Recognition Beyond Experience

Franklin Merrell-WolffIn the past, two important Recognitions have come to me. First, nearly fourteen years ago, in a setting which it is not neces­sary to delineate, I suddenly recognized “I am Atman.” This effected important changes of outlook that persisted. Second, less than one year ago, while engaged in the public work mentioned above, and while deeply interested in a book giving a report of a living Indian Sage, I also suddenly recognized that Nirvana is not a field, or space, or world which one entered and that contained one as space might contain an external object, but rather that “I am identical with Nirvana, and always have been, and always will be so.” This Recognition likewise had its persistent effects upon the personal consciousness.

We are now ready to return to the Recognition of ten days ago. I say “Recognition” rather than “experience” for a very defi­nite reason. Properly it was not a case of experiential knowledge, which is knowledge from the senses whether gross or subtle, nor knowledge from deduction, though both forms, particularly the latter, have helped in a subsidiary sense. It was an Awakening to a Knowledge which I can best represent by calling it Knowledge through Identity and thus the process—in so far as we can speak of process in this connection at all—is best expressed by the word “Recognition”:

I had been sitting in a porch swing, reading. Ahead of the sequence in the book, I turned to the section devoted to “Liberation,” as I seemed to feel an especial hunger for this. I covered the material quickly and it all seemed very clear and satisfactory. Then, as I sat afterward dwelling in thought upon the subject just read, suddenly it dawned upon me that a common mistake made in the higher meditation—i.e., meditation for Liberation—is the seeking for a subtle object of Recognition, in other words, something that could be experi­enced. Of course, I had long known the falseness of this position theoretically, yet had failed to recognize it. (Here is a subtle but very important distinction.) At once, I dropped expectation of having anything happen. Then, with eyes open and no sense stopped in functioning—hence no trance—I abstracted the sub­jective moment—the “I AM” or “Atman” element—from the to­tality of the objective consciousness manifold. Upon this, I focused. Naturally, I found what, from the relative point of view, is Darkness and Emptiness. But I Realized It as Absolute Light and Fullness and that I was That.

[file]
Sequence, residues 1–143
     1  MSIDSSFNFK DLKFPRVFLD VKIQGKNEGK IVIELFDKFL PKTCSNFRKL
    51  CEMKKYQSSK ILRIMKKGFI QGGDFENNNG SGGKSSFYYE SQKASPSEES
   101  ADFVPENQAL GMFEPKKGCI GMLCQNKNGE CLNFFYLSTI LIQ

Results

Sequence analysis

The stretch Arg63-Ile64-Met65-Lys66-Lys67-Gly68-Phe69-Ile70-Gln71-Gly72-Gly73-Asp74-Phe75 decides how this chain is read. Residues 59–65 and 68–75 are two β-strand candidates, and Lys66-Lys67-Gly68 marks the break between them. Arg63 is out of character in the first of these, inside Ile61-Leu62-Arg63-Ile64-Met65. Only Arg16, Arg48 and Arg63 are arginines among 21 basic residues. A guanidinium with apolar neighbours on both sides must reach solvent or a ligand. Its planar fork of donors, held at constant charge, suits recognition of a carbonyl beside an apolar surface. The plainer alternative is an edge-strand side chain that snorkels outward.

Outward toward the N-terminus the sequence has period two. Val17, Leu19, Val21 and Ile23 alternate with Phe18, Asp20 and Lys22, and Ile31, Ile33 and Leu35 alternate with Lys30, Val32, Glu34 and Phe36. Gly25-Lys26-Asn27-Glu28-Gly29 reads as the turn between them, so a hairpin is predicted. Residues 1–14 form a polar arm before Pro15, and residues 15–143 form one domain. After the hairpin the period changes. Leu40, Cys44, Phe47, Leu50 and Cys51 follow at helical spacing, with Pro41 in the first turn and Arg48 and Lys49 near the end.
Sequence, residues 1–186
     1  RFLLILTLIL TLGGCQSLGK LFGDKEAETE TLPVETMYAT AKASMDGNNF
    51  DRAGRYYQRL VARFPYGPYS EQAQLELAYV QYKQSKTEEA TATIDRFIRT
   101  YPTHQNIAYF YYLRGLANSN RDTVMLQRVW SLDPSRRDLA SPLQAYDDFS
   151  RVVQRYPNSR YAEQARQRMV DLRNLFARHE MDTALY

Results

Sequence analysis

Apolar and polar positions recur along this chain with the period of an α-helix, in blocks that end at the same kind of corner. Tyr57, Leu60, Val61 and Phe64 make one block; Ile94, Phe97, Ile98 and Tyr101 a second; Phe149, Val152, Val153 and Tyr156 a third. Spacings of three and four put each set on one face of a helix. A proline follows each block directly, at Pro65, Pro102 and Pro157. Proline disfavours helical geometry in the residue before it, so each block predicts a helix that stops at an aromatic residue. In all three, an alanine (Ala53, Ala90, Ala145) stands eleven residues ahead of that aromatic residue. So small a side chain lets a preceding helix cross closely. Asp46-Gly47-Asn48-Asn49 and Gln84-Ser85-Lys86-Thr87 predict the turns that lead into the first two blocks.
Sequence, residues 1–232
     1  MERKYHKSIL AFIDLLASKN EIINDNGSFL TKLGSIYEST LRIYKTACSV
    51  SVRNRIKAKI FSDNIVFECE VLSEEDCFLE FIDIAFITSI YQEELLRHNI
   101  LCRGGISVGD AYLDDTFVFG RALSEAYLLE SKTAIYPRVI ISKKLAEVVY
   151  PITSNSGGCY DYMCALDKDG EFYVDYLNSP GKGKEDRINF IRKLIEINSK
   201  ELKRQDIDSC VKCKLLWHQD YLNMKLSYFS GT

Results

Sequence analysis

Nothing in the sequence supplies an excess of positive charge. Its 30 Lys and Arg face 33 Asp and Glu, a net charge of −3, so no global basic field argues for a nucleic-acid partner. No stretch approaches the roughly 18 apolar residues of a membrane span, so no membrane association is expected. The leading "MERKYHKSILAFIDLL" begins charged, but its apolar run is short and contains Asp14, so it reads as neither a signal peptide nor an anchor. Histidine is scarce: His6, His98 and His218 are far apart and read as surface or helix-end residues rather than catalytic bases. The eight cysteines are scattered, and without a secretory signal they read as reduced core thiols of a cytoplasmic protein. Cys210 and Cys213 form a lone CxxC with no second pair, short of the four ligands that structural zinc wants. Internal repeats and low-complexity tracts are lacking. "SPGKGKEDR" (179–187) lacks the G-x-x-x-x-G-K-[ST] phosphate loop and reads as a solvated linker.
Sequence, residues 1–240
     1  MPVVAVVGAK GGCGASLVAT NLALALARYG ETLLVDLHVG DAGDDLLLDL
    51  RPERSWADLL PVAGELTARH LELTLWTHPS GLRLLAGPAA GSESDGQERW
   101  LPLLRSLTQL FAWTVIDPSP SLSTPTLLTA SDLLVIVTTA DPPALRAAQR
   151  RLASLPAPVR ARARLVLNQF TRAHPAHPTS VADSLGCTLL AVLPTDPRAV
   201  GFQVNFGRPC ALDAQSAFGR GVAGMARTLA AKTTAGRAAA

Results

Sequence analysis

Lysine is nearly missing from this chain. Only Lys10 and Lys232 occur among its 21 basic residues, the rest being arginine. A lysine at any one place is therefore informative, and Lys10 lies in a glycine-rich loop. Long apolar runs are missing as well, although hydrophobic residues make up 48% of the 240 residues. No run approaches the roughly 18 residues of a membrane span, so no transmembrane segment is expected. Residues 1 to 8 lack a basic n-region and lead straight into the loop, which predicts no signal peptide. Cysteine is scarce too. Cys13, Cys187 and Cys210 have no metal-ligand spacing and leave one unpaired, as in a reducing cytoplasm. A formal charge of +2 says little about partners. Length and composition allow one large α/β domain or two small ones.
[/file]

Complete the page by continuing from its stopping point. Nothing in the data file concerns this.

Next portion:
From Pathways through to Space, by Franklin Merrell-Wolff

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